Quiet, super-smart and refined, Belgravia is one of London’s wealthiest enclaves and is part of the Grosvenor Estate.

    • West of Buckingham Palace and south of Knightsbridge, the large Victorian villas were traditionally the London houses of the landed gentry. Today they are more likely to be owned by super-rich expats.
    • The area is noted for its garden squares, Belgrave Square, Eton Square, Chester Square, Wilton Crescent and Lowndes Square.
    • Famous residents include Mozart, Vivien Leigh, Ian Fleming, Lady Thatcher and Lady Rosamund Painswick, sister of Lord Grantham in Downton Abbey!

Holland Park (W14)

Between Kensington High Street and Holland Park Avenue, this network of quiet streets was originally the grounds of a Jacobean mansion called Holland House.

    • Vast white stucco villas and one of London’s prettiest parks have long attracted the rich and famous to live here.
    • Once a museum about Britain’s territory overseas, the Commonwealth Institute will become the new home of the Design Museum in 2016.
    • A day in Holland Park—eat a gourmet lunch in the Belvedere Restaurant in the heart of the park, explore the two Japanese gardens and watch Shakespeare at the open-air theatre.
North London

St John’s Wood (NW8)

The first part of London in which the Victorians built spacious villas rather than tightly-packed terrace housing, St John’s Wood has retained its cachet and continues to be one of London’s most exclusive residential areas.

    • Housing here is a mix of large Victorian mansions and swanky modern apartments.
    St John’s Wood is home to the London Central Mosque, capable of holding 5,000 worshippers.
    • The area is also something of a Mecca for cricket fans—Lords Cricket Ground is here, the home of the MCC and the self-proclaimed home of cricket.

Maida Vale (W9)

To the west of St John’s Wood lies Maida Vale, London’s answer to Venice.

    Little Venice includes the Paddington Basin, and the junction of the Grand Central Canal and Regent’s Canal. This is the place to look if you fancy living in a houseboat.
    • The area is characterised by tree-lined avenues, Victorian and Edwardian villas, mews and mansion blocks.
    • Fun for families—taking the waterbus from Little Venice to London Zoo.

Islington (N1, N5, N7)

The site of springs which supplied the City of London with water, Islington was one of the first parts of London to be subject to gentrification, and is now restored to its former Victorian grandeur.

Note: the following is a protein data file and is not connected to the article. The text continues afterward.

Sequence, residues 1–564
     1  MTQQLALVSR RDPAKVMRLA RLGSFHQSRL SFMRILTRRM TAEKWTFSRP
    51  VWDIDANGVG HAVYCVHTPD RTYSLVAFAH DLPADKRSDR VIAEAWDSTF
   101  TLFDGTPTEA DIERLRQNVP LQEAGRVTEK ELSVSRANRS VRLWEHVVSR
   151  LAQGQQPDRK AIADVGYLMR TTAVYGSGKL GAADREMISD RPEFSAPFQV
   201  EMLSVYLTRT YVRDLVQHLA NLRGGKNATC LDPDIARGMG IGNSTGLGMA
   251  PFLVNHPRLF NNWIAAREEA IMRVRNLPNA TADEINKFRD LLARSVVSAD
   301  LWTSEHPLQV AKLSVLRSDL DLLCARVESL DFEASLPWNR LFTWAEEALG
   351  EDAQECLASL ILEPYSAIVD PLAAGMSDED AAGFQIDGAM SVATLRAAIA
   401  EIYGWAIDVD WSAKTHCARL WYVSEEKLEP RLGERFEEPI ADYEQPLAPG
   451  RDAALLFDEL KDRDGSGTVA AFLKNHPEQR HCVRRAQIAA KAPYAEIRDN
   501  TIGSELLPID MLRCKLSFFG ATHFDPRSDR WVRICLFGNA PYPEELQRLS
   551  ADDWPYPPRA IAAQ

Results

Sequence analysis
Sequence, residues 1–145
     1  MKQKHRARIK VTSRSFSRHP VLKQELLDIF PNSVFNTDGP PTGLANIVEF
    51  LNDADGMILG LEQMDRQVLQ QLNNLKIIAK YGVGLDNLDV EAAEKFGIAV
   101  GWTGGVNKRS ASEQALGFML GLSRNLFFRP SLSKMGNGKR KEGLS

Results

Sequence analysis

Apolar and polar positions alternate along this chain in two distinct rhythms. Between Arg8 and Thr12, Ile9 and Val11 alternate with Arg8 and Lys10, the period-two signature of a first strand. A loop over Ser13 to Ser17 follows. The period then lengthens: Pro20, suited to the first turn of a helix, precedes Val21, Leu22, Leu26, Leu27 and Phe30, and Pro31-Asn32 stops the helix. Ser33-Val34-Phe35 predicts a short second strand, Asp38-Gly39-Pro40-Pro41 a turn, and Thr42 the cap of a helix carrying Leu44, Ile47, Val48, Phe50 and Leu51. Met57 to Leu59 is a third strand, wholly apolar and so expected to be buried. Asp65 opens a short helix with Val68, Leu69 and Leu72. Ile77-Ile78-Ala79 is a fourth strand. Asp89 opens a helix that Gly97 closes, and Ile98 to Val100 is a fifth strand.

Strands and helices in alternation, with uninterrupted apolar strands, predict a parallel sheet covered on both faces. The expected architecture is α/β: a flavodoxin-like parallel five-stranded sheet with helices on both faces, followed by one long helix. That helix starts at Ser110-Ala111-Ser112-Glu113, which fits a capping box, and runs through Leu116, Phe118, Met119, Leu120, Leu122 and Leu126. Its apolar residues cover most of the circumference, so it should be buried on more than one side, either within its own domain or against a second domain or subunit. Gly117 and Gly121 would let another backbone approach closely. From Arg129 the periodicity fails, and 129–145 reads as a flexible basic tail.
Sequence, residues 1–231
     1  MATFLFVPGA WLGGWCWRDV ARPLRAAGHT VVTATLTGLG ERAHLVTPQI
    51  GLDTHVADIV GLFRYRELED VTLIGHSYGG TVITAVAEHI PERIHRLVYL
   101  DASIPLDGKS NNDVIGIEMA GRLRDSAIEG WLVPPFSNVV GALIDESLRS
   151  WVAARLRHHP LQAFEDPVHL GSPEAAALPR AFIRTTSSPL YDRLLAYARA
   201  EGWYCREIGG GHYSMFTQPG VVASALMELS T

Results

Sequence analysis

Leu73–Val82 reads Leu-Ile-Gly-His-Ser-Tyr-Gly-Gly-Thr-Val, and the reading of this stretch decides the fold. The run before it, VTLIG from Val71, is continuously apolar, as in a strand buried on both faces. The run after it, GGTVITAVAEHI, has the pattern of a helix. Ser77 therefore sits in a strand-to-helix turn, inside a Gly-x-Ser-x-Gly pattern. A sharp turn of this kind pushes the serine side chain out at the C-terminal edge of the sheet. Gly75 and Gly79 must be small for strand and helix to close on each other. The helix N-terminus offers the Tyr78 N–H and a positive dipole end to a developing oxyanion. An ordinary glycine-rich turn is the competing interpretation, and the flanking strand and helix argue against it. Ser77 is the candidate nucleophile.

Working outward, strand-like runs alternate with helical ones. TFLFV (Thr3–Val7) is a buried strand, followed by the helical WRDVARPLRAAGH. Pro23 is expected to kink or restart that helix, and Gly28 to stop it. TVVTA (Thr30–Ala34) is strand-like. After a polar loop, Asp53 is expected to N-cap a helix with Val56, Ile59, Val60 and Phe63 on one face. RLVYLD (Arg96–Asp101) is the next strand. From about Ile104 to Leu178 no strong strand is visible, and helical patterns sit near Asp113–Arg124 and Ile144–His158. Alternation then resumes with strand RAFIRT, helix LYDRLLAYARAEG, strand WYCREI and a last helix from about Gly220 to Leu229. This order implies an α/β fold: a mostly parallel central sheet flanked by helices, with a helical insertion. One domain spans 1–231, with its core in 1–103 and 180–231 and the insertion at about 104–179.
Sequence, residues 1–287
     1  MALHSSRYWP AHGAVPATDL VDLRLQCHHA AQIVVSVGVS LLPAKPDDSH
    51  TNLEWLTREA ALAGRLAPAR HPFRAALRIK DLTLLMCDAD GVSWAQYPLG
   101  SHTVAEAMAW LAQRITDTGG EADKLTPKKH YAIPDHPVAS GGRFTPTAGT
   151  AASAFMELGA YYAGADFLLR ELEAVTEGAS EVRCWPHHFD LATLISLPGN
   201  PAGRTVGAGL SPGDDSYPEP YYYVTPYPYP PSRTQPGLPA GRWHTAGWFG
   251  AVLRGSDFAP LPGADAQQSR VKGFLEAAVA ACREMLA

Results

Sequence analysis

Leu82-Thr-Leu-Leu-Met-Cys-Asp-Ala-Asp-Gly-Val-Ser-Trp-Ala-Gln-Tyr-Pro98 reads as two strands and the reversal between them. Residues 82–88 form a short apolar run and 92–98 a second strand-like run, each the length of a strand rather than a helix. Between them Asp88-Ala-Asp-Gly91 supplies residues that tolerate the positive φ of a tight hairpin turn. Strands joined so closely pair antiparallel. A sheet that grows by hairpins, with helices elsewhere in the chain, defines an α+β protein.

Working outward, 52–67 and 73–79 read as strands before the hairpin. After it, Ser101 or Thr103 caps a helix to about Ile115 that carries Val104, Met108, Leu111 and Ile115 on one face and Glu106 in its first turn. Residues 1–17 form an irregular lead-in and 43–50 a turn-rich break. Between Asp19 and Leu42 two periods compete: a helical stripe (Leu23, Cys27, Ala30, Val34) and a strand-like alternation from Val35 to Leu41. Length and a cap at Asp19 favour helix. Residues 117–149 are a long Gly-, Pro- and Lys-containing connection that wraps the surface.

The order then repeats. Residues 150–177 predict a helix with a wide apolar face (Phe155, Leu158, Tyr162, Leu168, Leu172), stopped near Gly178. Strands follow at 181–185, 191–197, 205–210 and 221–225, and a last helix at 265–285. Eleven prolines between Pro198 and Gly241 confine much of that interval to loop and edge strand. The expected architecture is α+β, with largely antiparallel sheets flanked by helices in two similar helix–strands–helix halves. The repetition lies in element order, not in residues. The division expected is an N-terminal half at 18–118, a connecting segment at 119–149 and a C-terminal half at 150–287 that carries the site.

• Formerly a small village, Islington experienced the Victorian building boom that accompanied the expansion of the railways.
    • Good connections to the City and the West End, combined with an availability of family-size Georgian and Victorian houses ensure its continued popularity.
    • An Islington Saturday—shopping for antiques in Camden Passage, a drink at the King’s Head and then live music at the O2 Academy.

Hampstead (NW3)

With more millionaires within its boundaries than any other part of the UK, you might think Hampstead unaffordable—but like all parts of London, there’s plenty of variety and West Hampstead, bordering Kilburn, is less expensive.

    • Look out for splendid Victorian villas, some of which are single homes and some of which have been converted into luxurious apartments. The Bishops Avenue is supposedly the wealthiest street in the UK.
    • The area has a long association with the liberal arts, and continues to be popular with actors, musicians, writers and intellectuals.
    • The great outdoors—Hampstead Heath is London’s largest ancient parkland. Come here for spectacular views over the City, open air swimming and outdoor concerts.

Regent’s Park & Primrose Hill (NW1)

Just north of the West End, Regent’s Park and Primrose Hill are smart, convenient and desirable places to live.

    • Bordering the park itself, the beautiful terraces of houses designed by John Nash include the American Ambassador‘s residence.
    • North of the park, the Victorian streets of Primrose Hill are somewhat more affordable.
    Regent’s Park hosts London Zoo, the world’s oldest scientific zoo which is home to nearly 20,000 animals.
West London

Chiswick (W4)

Chiswick is family territory, with leafy streets of Victorian terraces and Edwardian villas. It has a bustling high street, great restaurants and is well positioned for getting into the centre of London and out to Heathrow.

    Bedford Park was London’s first garden suburb, with highly-sought after Queen Anne houses by the architect Richard Norman Shaw.
    • South of the A4, the Grove Park area of Chiswick is quieter, with a good mix of houses, mansion blocks and apartments—including smart riverside properties.
    • On Sunday afternoon, stroll through the grounds of Chiswick House, a notable neo-Palladian villa with interiors by William Kent. Then enjoy tea at the modernist Chiswick House Café, which won the RIBA award of London Building of the Year.

Richmond (TW9, TW10)

Home in its time to more than 15 kings and queens of England, Richmond continues to offer some of London’s smartest addresses.

    • There’s plenty to recommend it—river frontage, smart shops and restaurants, a theatre, good schools, low crime rate—no wonder it scores highly in quality of living surveys.
    Richmond offers a wide choice of property—from veritable mansions to Victorian, Georgian and Edwardian houses to a good variety of apartments, both purpose built and conversions.
    • Three times the size of New York’s Central Park, Richmond Park was originally a royal hunting ground and is still home to herds of deer.